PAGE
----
Frank Judd, Director of Client Accounts, answers all of our questions about finding, obtaining, and thriving in a new job or role.


This is important. First, you want to assess whether you are ready to make a move or not. You want to question whether the actions and tasks you are doing in your current role fulfill you. Maybe you do and maybe you don’t but you have to be honest with yourself about what are the positives and negatives for you at your current company.

You might feel that your company’s culture and your co-workers are incredible and exactly what you want, but you feel siloed within the organization. From a respect standpoint, I think it is important for you to speak with your direct manager or authority or whoever is your direct decision maker within the organization that you are a part of.  Speak to him or her frankly and state what you love about the company and what you enjoy and also about where you feel a disconnect from the ideal work environment/situation for you. Explain to him or her what you’re feeling. Are you feeling not challenged or pushed? Do you feel like there isn’t a path that makes sense for you and you’d like to discuss where your future is.

When you start to feel these things, I think it’s important for you to gather data-driven examples and take that information back to your current employer and say ‘these are the situations that are getting monotonous for me or are not pushing me and I am starting to feel that I am not giving my everything” and then giving the organization an opportunity to give back to you.

Communication is key. It’s like everything else. You want to respect them and you want the organization, in turn, to respect you. Part of that is giving tangible and valuable feedback on the work you’re doing and on your role and vice versa. They can provide you with their reasoning as to where they see gaps and why you aren’t being pushed to the next steps. One thing I hear often is that someone asked for more responsibility and only received more work. Be able to articulate what the “more” you’re looking for is and what specific challenges you would like to take on, whether its work load or dabbling in another function. Perhaps you want to get exposure to a different department or someone who is doing something differently. Articulate that you understand that this is all an add on and you still will fulfill the responsibilities of your current job.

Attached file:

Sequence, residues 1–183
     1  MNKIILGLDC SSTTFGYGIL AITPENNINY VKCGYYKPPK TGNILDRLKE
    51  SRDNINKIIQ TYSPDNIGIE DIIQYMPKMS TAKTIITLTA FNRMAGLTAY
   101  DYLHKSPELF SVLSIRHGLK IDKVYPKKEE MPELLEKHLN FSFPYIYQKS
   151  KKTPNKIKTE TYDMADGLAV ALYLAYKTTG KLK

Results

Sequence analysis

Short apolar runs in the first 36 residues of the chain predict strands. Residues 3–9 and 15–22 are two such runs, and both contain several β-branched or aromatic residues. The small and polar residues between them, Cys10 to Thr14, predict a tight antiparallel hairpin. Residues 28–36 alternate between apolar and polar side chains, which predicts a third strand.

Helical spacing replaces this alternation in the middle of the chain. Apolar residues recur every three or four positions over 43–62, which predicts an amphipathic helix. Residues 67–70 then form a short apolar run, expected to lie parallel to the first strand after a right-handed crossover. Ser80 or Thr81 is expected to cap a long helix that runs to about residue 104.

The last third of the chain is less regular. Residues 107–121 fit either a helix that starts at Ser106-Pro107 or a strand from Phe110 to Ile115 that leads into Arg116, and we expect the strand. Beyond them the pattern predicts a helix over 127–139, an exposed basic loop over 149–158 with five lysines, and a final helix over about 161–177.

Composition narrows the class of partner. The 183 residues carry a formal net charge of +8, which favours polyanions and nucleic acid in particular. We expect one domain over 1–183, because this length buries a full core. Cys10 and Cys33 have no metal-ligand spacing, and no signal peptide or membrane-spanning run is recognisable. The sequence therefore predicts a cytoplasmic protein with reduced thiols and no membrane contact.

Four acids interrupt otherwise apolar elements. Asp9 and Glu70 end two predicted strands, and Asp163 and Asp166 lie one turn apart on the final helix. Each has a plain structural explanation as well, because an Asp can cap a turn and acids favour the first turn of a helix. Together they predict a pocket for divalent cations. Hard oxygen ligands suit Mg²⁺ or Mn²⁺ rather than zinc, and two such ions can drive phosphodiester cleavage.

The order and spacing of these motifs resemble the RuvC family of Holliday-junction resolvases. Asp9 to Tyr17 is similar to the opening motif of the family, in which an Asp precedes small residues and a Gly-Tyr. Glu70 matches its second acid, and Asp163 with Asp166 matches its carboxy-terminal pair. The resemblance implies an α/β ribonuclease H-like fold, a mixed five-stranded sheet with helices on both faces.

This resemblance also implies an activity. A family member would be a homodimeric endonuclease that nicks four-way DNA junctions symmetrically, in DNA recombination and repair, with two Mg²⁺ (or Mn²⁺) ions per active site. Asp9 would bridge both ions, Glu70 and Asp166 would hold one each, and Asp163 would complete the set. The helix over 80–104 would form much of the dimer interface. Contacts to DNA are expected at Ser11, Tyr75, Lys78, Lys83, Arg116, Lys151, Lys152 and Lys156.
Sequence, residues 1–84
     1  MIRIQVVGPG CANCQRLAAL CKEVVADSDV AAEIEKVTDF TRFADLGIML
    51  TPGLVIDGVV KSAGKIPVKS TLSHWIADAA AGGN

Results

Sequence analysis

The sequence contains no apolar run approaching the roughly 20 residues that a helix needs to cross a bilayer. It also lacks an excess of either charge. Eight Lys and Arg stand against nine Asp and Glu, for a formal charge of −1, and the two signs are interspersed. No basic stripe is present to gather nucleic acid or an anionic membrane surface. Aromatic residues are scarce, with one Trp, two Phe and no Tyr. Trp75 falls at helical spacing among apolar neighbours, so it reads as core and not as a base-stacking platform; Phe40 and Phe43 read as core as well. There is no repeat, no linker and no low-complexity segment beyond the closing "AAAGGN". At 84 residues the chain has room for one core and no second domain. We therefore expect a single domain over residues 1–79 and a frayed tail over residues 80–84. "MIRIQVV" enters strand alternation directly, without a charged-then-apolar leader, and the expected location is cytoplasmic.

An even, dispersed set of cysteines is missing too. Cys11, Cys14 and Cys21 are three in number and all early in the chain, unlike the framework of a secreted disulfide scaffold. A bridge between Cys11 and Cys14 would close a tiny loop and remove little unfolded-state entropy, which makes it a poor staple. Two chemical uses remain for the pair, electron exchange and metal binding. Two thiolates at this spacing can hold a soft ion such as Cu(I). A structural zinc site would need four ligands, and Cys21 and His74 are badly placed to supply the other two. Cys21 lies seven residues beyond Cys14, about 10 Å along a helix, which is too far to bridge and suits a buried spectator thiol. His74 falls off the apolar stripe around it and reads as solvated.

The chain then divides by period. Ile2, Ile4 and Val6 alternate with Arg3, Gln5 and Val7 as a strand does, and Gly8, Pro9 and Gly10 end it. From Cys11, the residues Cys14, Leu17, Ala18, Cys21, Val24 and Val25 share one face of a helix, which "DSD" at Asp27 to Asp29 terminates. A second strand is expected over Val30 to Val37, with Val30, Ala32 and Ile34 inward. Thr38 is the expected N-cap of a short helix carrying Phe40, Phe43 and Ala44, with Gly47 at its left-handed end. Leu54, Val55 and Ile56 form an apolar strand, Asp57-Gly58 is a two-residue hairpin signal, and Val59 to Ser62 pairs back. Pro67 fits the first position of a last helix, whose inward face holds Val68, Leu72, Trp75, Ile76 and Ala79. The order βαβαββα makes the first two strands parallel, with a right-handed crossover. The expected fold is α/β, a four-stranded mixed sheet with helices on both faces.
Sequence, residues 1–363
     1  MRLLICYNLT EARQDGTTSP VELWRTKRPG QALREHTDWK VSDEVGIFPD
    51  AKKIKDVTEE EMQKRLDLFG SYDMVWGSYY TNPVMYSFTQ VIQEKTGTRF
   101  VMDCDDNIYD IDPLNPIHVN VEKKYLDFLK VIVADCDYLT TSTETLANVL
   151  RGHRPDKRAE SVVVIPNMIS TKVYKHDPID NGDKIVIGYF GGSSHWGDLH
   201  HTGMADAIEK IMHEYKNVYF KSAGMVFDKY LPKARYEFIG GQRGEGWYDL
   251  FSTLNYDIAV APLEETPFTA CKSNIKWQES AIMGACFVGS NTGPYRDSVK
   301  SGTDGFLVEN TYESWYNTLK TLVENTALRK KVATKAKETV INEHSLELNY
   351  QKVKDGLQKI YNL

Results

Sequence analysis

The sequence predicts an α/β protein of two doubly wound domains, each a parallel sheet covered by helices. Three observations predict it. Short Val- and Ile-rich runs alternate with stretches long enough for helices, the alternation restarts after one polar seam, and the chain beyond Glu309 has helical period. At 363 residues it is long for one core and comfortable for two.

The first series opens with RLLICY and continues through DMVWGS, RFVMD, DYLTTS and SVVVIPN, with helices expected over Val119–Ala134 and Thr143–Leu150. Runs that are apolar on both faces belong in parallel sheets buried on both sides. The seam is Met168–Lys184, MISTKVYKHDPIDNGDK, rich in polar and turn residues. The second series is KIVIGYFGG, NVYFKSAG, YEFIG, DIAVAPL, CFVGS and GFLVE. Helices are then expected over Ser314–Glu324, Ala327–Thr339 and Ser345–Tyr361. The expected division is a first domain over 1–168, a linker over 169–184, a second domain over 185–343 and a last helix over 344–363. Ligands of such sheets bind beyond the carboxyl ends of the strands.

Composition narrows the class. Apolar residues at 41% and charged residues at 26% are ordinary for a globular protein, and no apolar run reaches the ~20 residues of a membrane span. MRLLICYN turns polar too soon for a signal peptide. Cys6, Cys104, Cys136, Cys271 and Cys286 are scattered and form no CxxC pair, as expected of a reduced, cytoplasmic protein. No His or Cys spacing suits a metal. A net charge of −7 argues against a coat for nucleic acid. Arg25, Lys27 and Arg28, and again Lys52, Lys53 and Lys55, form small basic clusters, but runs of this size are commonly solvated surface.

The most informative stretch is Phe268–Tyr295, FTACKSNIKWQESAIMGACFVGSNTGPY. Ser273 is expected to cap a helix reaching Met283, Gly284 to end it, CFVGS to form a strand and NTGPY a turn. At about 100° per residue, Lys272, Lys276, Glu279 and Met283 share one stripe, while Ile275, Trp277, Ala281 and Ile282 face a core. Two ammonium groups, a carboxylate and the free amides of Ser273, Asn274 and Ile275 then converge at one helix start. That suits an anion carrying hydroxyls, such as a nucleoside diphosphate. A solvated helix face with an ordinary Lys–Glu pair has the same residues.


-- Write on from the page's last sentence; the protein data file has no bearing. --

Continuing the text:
You want to give your current organization the opportunity to think about how it can make your role bigger, expand your skill sets, expand your function in a fashion that brings new life into your professional aspirations. The only way for you to potentially get what you want out of a role that may not be ideal now is to have those honest conversations with the person that is responsible for your growth in the organization. You have to be honest with your organization and the organization has to be honest with you too. The organization must be transparent about whether they are an organization that can give you want you want and if they can give you the tools and resources necessary to enhance your current situation and your professional development. Then I think you have to challenge the organization to give you a time frame of when the added responsibilities and enhancements can be done. Push them to be on a timeline. Understand that it’s unlikely that a shift will occur tomorrow, but it’s important for you and your organization to come to some sort of agreement in terms of training, enhancing, owning new opportunities, etc.

If they can’t facilitate these changes and methods of growth for you, then it should become pretty apparent that this is not that organization for you to take your next professional steps at. Once you know what the capabilities of the organization and of you within the organization are, it’s time for you to make the decision on whether the pros outweigh the cons for you. Does the work culture that you love outweigh your professional aspirations, challenges and growth you’re seeking, and the things you can’t get there? Only you can determine that.


Yes. It’s more than enough. Sometimes it’s one week. Sometimes it’s more than a week.

You have to consider how much notice you think is fair to your current employer based on your tasks and functions and based on how long it will take you to transfer your responsibilities. Also take into consideration what you think is fair to your incoming employer and the goals of that employer. They are hiring you, most likely, to take on an integral role in some process or area of the organization.  You should know what their needs are based on the conversations you had with them in the interview process.

That being said, you don’t owe an organization anything. Just be respectful and considerate to both parties and do what you think is fair to both. Don’t burn bridges. Keep your professional network strong. Goal is to keep as many doors as open as possible throughout the transition.

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